As of right now, my thesis is still broader than I would like it to be. I am currently digging through several different anthologies that contain numerous 19th-century short stories. In doing so, several questions have arisen for me. Do I want to focus on short stories written only by women? Or do I want to use stories written by male authors to incorporate another perspective on the role of 19th-century women? As of right now, I am leaning towards the latter, although this does broaden my pool of primary sources quite a bit. I also want to ensure that I allow space for otherwise ignored female 19th-century voices, as one of the goals of feminist literary analysis is to study texts written by those who are marginalized. I am also concerned about my transatlantic focus being too broad. As it might be gathered by my somewhat disorganized list of primary sources, it has been difficult for me to narrow my sources. This may be a result of my lack of commitment to a specific, narrowed topic. Currently, my primary texts focus on female 19th-century authors, especially within the Victorian period. I have found myself drawn to these stories; however, I am allowing myself room to find more American 19th-century short stories as I continue working on this project.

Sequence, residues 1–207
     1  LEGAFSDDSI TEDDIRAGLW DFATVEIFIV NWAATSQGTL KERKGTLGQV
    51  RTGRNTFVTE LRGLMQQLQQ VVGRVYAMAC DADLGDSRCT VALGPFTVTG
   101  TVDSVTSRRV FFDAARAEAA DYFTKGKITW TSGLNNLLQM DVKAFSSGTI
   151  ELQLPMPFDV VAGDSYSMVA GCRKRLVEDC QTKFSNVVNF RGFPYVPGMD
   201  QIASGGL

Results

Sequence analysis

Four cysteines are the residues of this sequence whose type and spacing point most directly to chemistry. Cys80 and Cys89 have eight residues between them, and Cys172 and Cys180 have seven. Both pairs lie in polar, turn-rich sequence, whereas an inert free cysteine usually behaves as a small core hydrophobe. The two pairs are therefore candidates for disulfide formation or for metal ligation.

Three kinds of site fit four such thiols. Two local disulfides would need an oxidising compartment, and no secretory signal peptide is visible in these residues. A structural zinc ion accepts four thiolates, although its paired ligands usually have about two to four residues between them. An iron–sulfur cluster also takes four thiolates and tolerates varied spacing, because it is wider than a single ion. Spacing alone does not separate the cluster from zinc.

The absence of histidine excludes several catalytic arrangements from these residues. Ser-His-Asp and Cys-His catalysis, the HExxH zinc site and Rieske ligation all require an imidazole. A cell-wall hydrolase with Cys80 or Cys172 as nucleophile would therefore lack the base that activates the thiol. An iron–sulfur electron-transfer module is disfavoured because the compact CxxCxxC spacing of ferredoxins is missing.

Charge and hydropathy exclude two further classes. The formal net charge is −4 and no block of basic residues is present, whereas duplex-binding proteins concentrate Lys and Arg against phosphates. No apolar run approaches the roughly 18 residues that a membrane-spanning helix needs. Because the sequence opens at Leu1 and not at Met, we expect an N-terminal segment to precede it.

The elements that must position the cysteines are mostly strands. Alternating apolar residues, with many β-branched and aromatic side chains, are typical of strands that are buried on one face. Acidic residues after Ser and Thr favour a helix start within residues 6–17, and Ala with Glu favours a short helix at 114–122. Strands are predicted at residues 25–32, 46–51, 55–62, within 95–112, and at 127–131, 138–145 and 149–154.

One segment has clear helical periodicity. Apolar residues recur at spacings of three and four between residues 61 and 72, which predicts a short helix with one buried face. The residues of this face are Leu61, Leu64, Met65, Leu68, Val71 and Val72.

Despite my lack of full clarity in terms of my primary focus, the trajectory of my thesis remains the same. I am still most interested in looking at 19th-century short stories with a feminist lens; however, I find myself being torn in two directions. One direction involves using an intersectional lens to track how these short stories deal with gender, race, and class, especially against the backdrop of colonialism.  Another direction I may pursue is focusing more on the intersections of gender and sexuality, which may involve a closer look at mental health in these texts. Although I have not yet officially decided on either path, I find myself most interested in a focus on gender and sexuality. My main question right now is: can I find a way to combine these two paths to create a coherent, specific thesis that can go in depth into each theme? I believe that as I continue to dig through my primary texts,  the answer to this question will become evident.